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Meeting patients’ individual needs using the Always Events Programme

For healthcare professionals, being able to meet patients’ individual needs can be a challenge. These could be perceived as minor things, such as a seamless transfer of care of a frail elderly patient from one health setting to another, or ensuring that a patient with eye problems can read the prescription label on their medicines properly. But it is often the finer details in a patient’s care journey that shape how they view their care and the healthcare system. So it is important that healthcare professionals and workers get this right every time.

For the past decade, the NHS national patient experience surveys have consistently identified human relationships and communication falling short of patients’ expectations. The Institute for Healthcare Improvement (IHI), a not-for-profit organisation helping to lead the improvement of healthcare, and the Picker Institute Europe, an international charity in the field of person-centred care, are working in partnership with NHS England to look at how the NHS organisations in England can develop consistent ways to meet the individual needs of patients, ensuring care is patient centred and delivered in partnership with them and those close to them. And thus the Always Events framework, initially conceived in the United States, was developed for use in the NHS.

This framework provides a strategy to help healthcare providers identify, develop, and achieve reliability in person and family-centred care delivery processes.

Always Events are aspects of the patient experience that are deemed so important to patients and family members that healthcare providers must aim to perform them consistently for every individual, every time.

The programme aims to focus on what matters to the patient and to meet their needs. Nurses, doctors, pharmacists, healthcare staff, and community health providers seek to understand the comprehensive needs and goals of the patients they serve. Yet, in the busy world of clinical care, there are innumerable situations where what really matters to patients and their family members is not understood or addressed.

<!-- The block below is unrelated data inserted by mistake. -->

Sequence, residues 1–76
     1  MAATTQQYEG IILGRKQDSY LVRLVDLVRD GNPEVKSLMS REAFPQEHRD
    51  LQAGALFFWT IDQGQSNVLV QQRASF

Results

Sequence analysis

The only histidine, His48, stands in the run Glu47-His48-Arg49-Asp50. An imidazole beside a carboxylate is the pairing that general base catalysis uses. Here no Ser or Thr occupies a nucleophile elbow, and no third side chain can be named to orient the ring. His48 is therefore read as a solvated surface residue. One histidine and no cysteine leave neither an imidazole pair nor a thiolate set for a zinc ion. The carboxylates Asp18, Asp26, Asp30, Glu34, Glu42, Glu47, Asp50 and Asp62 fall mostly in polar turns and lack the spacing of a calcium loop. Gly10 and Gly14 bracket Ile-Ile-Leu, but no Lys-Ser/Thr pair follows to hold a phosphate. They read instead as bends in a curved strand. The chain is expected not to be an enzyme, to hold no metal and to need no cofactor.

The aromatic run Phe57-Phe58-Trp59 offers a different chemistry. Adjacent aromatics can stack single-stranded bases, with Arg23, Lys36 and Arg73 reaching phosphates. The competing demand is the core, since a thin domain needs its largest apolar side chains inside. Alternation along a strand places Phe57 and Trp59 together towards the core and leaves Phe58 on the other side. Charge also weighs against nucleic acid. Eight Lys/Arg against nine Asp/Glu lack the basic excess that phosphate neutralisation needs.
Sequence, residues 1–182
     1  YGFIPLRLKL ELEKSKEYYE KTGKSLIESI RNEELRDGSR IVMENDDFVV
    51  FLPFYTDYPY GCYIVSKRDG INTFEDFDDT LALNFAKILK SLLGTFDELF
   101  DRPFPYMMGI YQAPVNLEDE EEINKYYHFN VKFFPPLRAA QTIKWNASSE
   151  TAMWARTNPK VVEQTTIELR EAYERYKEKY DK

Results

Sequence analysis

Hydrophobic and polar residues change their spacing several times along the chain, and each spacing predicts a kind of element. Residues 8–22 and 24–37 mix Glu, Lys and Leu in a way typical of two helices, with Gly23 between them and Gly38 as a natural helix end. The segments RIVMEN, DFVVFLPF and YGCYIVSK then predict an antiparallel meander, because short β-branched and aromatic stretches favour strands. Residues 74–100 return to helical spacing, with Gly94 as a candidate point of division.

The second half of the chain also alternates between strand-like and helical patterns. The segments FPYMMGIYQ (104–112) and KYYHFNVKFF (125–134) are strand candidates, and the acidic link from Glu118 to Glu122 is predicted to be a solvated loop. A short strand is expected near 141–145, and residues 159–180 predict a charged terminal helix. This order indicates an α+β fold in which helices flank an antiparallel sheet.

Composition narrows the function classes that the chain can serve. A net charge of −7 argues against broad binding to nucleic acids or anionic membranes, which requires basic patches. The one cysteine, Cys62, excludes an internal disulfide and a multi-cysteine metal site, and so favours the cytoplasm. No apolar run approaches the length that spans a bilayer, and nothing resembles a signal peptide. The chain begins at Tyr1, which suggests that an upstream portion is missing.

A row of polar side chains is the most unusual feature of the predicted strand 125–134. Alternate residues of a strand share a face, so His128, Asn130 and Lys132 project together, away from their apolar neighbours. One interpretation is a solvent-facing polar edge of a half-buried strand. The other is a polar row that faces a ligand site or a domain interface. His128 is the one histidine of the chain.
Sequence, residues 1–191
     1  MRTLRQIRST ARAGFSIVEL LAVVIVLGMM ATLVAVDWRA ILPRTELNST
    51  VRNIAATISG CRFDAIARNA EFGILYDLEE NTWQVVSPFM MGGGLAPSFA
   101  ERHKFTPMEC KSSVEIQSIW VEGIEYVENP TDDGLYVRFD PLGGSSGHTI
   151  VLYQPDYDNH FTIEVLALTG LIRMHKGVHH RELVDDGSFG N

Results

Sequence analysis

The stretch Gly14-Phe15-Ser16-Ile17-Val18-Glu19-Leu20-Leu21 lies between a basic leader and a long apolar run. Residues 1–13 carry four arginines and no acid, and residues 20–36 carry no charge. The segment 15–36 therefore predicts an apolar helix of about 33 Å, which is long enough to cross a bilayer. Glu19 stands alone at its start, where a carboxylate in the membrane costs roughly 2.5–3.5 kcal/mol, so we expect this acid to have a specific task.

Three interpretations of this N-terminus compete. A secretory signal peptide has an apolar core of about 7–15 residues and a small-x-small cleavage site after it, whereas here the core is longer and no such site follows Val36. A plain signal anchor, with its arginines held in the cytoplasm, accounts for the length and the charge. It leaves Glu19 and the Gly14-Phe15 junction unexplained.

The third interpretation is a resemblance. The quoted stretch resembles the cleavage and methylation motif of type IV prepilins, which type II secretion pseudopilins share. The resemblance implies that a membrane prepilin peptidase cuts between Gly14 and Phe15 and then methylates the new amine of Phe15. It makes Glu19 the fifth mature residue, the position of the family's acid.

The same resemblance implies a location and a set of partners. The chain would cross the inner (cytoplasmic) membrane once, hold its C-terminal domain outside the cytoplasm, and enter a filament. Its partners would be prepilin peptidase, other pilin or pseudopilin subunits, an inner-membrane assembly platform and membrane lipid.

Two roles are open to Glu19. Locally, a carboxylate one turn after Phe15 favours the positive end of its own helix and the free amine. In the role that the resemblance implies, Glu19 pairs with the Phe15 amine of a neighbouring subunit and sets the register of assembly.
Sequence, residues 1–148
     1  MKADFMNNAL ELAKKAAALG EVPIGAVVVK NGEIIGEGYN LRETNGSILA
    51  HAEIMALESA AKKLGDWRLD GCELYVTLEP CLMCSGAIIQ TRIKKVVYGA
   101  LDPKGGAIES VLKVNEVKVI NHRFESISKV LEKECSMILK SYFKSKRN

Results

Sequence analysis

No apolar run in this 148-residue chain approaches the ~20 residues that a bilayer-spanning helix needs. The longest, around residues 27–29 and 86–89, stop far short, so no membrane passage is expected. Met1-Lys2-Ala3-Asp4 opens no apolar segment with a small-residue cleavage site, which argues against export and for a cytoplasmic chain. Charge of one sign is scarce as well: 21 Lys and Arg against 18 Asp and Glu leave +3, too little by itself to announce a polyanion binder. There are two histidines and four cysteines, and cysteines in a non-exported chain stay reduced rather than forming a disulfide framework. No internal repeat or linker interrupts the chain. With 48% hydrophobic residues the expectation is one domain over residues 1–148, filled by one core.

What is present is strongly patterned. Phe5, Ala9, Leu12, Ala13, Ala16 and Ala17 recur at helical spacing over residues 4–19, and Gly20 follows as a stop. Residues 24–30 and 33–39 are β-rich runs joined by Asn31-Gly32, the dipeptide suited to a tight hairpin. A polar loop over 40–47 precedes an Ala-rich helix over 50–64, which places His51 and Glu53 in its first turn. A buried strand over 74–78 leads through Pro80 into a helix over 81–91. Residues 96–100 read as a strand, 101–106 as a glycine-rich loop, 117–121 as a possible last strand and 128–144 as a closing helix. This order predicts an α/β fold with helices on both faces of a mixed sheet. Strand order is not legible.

NHS England, IHI and the Picker Institute Europe have been working with provider organisations within England to test out the Always Events programme and have recently delivered phase II of the project by enrolling eight other organisations on to the project. These NHS providers will test out a toolkit on how to develop Always Events within the NHS, which will then be published in spring 2016.

Blackpool Teaching Hospitals NHS Foundation Trust has been working with patients who have received inpatient stroke treatment and have developed an Always Event to ensure their discharge is safe. This has included work with all patient representatives and staff groups, including pharmacy staff, to develop a tool to prompt patient and carers to understand further the discharge process and encourage them to record questions they wish to ask the relevant professional.

The tool is used to confirm patient understanding of medication instructions by asking patients to repeat the instructions using their own words and is not aimed to test patients’ knowledge but to test how well the ward discharge coordinator has explained the medicines — when to take them, their side effects — as well as being able to answer any questions that the patient or their carer may have.

Continuous measurement and monitoring of the programme will guide leaders to understand to what extent the activities and outcomes were sustained and how to overcome specific barriers to sustaining a change in the patient experience.

NHS England has started supporting organisations to develop and to continue to nurture and support the compassionate care that is at the core of our professions and the NHS and, using Always Events, we are forging new ways to raise the bar on our collective performance and improve the quality of care of patients.

Paul Jebb

Experience of Care Professional Lead

NHS England

Citation: The Pharmaceutical Journal DOI: 10.1211/PJ.2015.20200220

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